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To begin with, the most neglected—and most intuitive—aspect of modern programming is intelligent encapsulation (object is the first O in OOP). To manage an application or a project, you must be able to rely on the predictable (if not always complete) functioning of the component parts. Search engine "tabs" are really links to distinctly generated pages rather than the clean UI function implied. The basis for our encapsulation will be a combination of <DIV> tags (even Netscape handles <DIV> better than <LAYER>), DHTML, and the JavaScript function object (see Listing 1):

Listing 1. Basis for the TabPanel object (full listing in TabPanel.js).

//  Empty callback method
function OnTabSelected(tabID) {}

function TabPanel (myDiv)
// Properties
this.tabFrame = myDiv;
this.tabs = new Array();
this.panels = new Array();

// Standard function object methods
this.paneStyle = returnPaneStyle;
this.paneHTML = returnPaneHTML;

// Methods specific to TabPanel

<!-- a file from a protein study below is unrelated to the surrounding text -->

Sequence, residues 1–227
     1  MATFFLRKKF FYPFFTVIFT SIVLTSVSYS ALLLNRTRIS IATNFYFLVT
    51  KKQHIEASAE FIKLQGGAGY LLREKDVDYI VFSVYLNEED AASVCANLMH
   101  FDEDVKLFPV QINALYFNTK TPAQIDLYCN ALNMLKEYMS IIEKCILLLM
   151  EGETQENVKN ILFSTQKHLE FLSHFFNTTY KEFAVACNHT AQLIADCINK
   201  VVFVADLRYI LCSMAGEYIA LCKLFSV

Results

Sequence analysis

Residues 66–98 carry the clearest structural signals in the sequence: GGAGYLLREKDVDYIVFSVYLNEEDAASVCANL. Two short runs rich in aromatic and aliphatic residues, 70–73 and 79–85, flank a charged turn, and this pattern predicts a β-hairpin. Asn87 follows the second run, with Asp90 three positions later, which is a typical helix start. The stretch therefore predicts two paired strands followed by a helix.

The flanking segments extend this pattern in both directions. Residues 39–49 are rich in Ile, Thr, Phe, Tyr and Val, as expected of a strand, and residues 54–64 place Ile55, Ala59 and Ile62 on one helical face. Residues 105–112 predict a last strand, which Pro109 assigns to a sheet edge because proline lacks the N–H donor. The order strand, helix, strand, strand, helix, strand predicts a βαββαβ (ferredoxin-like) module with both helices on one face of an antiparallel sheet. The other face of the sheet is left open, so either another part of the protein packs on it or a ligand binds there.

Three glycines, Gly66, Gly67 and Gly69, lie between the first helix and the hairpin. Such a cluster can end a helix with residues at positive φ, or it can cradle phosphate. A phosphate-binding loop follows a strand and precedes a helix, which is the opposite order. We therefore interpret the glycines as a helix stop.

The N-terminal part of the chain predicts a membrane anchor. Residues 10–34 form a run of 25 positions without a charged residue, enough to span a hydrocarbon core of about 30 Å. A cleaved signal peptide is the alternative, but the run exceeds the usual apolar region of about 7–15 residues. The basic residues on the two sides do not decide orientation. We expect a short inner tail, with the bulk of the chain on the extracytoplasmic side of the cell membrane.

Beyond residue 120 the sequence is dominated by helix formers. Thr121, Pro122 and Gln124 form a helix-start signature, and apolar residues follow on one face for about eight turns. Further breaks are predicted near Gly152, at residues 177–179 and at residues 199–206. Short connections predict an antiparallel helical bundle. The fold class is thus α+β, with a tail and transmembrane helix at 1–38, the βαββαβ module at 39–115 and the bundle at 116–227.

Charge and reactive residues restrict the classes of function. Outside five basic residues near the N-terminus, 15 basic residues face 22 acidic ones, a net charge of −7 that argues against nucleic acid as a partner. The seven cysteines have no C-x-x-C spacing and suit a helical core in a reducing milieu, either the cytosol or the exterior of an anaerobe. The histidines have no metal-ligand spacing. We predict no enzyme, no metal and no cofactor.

this.add = createPane;
this.setContents = setPaneContents;
this.select = setTopPane;
this.current = currentTopPane;

function returnPaneStyle() {}

function returnPaneHTML() {}

function createPane(paneName) {}

function setPaneContents(paneName, paneContents) {}

function setTopPane(paneName) {}


Here's the corresponding HTML segment:

    <title>Tab Panel Object Test Bed</title>
        #maindiv { position: absolute; top:40; left:20; height:300; width:300;
                   clip: rect(0 300 300 0); background-color: black; }
<BODY ONLOAD="init()">

<DIV ID="maindiv"></DIV>


var testObj = new TabPanel("maindiv");

function init()
   if (document.all)
      document.all["maindiv"].innerHTML = testObj.paneHTML();


I'd like to take a moment to note a couple of subtle modifications required for this object to function in Netscape. These are typically demarcated in the else clause of an if (document.all) block. Needless to say, nothing complicates a clean object implementation like shooting at two targets. While the full breadth of these changes is beyond the scope of this article, most of them are covered in the full code listings. Try removing some of these blocks to see the differences in browser behavior.

Continuing with the real subject, the structure of JavaScript objects is remarkably simple. The functions enclosed in braces become accessible only to the other functions within the braces, unless exposed as members of an object's interface. If you choose to limit the items within the braces to the properties of the object and leave the methods as "global," they can still be members of the object's interface. Be careful, though, as JavaScript interpreters will only remember the most recently defined version of a function—even if defined in separate files—if they're included on the same HTML page.